Abstract

Main objective is to support reservoir monitoring in an EOR production scheme. Enhanced oil recovery calls for efficient monitoring of hydrocarbon saturation changes. In the onshore Bockstedt oil field there exists a substantial difference in resistivity at reservoir level: for initial oil saturation it exceeds 100 Ohmm reducing to 0.6 Ohmm once fully displaced by formation brine. Applicability of the controlled-source electromagnetic method to monitor such resistivity changes is investigated. Targets are Lower Cretaceous shallow marine clastics at approximately 1200 m depth.

Finite difference forward modelling shows CSEM is sensitive to expected resistivity changes, but the effect is difficult to resolve with surface measurements only. Resolution increases significantly if sensors or transmitters are placed in observation wells closer to the reservoir. Behaviour of the vertical electric component (Ez) in shallow boreholes and/or use of complex source configrations look rather promising.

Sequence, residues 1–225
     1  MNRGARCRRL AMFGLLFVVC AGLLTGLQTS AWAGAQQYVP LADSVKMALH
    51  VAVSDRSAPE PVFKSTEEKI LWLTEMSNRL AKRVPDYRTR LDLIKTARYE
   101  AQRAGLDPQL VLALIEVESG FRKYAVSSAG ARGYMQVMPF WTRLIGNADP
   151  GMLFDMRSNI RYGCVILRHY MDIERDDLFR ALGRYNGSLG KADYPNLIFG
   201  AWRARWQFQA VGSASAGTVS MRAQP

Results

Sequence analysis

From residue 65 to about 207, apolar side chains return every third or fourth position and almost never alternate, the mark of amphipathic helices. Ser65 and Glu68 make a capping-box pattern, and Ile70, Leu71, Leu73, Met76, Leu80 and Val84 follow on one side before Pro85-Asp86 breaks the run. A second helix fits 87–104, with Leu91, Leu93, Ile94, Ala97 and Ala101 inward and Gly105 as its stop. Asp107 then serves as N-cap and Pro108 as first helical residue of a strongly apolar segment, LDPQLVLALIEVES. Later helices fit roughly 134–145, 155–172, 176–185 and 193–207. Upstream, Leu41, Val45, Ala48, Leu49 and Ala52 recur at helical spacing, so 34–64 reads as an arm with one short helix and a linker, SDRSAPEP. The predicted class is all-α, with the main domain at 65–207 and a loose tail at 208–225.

In 2014, a borehole-to-surface CSEM configuration was deployed successfully across the Bockstedt oil field, whereby the current was injected via the metal casing of an abandoned production well. The set-up also allowed conventional magnetotelluric (MT) data acquisition when the transmitter is turned off at night. CSEM response functions are of good quality with high repeatability. Recordings from conventional and new borehole transmitters indicate different current distributions in the subsurface. Results of the tested source configuration are in agreement with predictions by numerical simulations. Preliminary 3D inversion is consistent with previous numeric simulations.

A timelapse CSEM survey is scheduled for 2015, inclusive drilling of a shallow observation well for Ez component monitoring with a new borehole sensor. In parallel, a timelapse workflow for 3D CSEM inversion is developed.

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